OPIRG currently operates off-campus with no set location.
During last year’s OPIRG referendum,, 76.3 per cent voted to defund the organization, however the number of people who voted only represented 11.05 (2,822 votes) per cent of the student body


SJC:

By: Serena Hosmar

Student Justice Center will be going to referendum with students voting on the above question.
In this issue, there is a comprehensive guide to each voting matter for this election and referendum voting period. In this article, you can read everything you need to know about the Student Justice Center Referendum.
The Student Justice Center (SJC) is a service at Brock dedicated to representing the interests of marginalized students at Brock University. Their goal as an organization is to protect vulnerable students and to, through active engagement with the community, educate the community on social justice and create positive change to ensure equality of opportunity and experience for every student at Brock.
They carry out these goals through a variety of methods, including workshops, campaigns, discussion groups, panel discussions, peer-to-peer support, research, training and more. They provide services that include the Student Justice Educative and Advocacy Services, the Student Ombuds Office, Student Refugee Program and Sexual Violence Support.
Ombuds, a neutral intermediating third party service who advocate for fair policies, procedures and decision making, especially regarding academic misconduct and grade appeals, is also part of the Student Justice Center.
The referendum included in the voting this year is to increase the fee included in tuition costs that is for the SJC. The fee currently sits at $0.91. Students will be asked to vote “yes” or “no” to the referendum question.
“Moving from 0.91 cents to $4.88 per credit is significant and that’s because this year’s referendum is an entirely different service model. The extra $3.97 would go towards supporting four core areas of service including a fully staffed and supported Student Justice Centre, doubled Ombuds support, on-campus Sexual Violence support and Student Refugee mentorship,” said Zanab Jafry, the SJC supervisor. “The increased fee would help us move from 100 to 360 hours of student service per week and would allow us to move from an office of five staff to an office of 11.”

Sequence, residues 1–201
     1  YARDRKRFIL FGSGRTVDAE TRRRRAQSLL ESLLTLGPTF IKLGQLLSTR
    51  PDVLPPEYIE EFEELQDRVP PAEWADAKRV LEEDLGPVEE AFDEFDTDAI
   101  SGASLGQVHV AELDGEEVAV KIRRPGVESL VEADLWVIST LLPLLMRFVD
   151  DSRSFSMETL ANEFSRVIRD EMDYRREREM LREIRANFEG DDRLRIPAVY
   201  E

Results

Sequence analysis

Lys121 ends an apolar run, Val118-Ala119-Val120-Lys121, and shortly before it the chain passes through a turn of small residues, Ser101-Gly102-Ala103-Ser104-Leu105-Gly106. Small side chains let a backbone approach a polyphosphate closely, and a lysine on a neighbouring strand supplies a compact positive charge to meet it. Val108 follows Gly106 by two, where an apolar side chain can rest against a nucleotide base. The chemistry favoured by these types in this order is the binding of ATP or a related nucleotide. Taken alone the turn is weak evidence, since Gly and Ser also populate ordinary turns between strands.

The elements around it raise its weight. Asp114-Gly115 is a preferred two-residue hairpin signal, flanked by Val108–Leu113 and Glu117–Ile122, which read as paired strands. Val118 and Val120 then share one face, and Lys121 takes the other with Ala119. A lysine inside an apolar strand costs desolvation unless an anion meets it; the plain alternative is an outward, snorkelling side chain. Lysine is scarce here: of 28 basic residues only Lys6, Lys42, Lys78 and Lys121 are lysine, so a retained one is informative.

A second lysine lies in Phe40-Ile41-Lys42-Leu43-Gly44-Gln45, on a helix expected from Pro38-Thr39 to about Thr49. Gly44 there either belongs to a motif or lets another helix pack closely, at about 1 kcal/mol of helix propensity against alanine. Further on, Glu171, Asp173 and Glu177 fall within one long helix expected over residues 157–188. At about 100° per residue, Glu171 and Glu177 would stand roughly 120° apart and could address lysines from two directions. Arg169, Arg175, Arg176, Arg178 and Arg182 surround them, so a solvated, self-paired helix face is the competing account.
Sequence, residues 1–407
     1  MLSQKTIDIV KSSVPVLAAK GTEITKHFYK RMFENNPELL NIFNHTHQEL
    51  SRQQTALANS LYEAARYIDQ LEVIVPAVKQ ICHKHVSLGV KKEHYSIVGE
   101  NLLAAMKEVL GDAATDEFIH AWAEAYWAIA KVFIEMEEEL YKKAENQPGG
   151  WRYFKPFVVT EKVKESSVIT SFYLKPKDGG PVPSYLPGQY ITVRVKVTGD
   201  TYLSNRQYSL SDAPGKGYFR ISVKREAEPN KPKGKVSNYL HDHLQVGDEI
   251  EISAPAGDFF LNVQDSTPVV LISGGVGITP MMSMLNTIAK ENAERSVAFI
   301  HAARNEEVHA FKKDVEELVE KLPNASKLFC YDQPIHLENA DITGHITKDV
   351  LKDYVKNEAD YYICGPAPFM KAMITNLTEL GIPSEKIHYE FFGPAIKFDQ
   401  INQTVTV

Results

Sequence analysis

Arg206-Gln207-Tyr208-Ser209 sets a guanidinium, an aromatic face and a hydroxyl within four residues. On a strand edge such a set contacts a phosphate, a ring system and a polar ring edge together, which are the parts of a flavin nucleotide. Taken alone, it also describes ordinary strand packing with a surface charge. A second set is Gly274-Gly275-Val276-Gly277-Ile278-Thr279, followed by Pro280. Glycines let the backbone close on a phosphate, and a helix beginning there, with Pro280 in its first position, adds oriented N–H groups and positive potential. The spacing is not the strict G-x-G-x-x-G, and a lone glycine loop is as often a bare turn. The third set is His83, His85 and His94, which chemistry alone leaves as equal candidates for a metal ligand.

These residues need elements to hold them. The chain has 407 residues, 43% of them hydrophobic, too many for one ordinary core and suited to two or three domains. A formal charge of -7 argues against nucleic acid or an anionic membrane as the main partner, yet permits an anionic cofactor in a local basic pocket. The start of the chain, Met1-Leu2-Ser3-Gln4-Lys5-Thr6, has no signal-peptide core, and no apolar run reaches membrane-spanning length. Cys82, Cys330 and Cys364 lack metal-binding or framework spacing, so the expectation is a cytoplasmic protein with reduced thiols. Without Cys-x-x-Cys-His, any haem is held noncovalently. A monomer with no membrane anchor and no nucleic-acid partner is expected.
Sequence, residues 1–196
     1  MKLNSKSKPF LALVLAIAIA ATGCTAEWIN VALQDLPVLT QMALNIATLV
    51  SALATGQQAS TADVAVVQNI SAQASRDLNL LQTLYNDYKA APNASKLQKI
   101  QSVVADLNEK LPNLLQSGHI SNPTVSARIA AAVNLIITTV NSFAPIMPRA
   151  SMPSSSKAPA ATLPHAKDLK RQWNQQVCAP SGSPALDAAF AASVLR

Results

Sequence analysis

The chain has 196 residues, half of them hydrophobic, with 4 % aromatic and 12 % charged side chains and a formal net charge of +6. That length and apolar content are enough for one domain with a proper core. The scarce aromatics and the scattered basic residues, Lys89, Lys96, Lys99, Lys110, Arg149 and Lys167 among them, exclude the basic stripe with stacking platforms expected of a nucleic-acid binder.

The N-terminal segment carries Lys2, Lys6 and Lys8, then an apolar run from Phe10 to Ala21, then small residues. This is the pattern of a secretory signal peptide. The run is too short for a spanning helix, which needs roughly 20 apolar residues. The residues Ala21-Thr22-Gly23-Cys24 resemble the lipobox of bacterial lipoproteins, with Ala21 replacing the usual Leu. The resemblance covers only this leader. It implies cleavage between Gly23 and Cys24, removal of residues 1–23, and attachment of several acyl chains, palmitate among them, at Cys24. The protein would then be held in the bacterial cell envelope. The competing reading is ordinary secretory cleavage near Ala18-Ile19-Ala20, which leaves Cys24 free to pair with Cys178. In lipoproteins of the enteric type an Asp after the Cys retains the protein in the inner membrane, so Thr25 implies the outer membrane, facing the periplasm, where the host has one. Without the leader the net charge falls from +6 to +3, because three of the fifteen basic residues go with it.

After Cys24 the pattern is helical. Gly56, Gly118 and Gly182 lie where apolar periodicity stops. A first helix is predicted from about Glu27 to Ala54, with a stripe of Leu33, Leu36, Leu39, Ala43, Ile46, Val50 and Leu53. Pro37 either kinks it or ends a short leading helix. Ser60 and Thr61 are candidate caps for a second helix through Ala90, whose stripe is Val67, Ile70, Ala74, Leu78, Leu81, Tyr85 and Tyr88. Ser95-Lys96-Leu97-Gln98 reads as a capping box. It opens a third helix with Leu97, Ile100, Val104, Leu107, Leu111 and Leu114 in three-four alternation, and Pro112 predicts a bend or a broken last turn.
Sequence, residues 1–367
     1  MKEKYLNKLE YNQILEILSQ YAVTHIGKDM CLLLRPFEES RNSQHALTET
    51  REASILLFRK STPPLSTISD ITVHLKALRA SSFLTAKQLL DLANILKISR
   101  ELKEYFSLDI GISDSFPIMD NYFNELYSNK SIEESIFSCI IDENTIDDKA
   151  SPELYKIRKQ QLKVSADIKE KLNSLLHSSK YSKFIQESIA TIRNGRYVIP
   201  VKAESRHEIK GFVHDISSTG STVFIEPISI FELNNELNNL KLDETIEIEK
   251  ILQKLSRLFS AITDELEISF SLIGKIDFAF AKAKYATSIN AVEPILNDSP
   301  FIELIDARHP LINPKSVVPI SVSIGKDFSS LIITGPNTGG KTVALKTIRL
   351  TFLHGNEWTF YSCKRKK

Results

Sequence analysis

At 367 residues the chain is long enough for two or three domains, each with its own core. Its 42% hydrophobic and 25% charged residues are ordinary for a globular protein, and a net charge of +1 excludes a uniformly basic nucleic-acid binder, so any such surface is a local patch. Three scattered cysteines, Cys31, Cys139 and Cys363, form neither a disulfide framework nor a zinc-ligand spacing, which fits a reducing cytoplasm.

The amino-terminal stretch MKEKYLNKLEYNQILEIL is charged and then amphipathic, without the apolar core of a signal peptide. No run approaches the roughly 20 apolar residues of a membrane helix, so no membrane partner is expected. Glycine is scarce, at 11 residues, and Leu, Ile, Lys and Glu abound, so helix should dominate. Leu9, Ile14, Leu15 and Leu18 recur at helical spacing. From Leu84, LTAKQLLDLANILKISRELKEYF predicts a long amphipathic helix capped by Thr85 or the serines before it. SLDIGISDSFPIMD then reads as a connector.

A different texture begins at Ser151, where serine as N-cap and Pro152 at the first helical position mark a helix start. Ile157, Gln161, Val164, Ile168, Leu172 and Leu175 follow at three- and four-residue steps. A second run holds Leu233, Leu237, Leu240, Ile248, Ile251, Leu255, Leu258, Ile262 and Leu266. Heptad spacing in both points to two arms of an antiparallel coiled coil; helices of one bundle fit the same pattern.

Should the referendum pass, the SJC hopes to create new student full-time positions. The 11 proposed positions are: Anti-Racism Advocate, Indigeneity Advocate, Wellness & Accessibility Advocate, Sexuality and Gender Diversity Advocate, Refugee & Resettlement Advocate, two Sexual Violence Support Advocates, Reception & Resource Assistant, SJC Manager, Sexual Violence Support Advocate Manager and Ombuds Case manager.
An SJC referendum, proposing a $1.11 increase from $0.89 for the SJC, was included in the February 2017 elections. It did not pass by a margin of approximately five per cent, with 52.34 per cent of voters voting “no”. Only 4,364 students voted on this referendum.
Students should routinely check their student email accounts for information and updates regarding voting matters. Voting will occur via student email, and it will begin on February 13 and remain open until 9:00 p.m. on February 15. This is your campus, your education, and your Brock experience, so don’t forget to vote. An important part of the Brock community is that every voice has the chance to be heard. In the October 2017 by-elections, a record 33.2 per cent of the student body participated in the vote. “It is important that all students make their voices heard in the upcoming elections by voting, as it directly impacts their academic years at Brock University,” said BUSU Chief Returning Officer Fiona Purkiss in a statement earlier this year.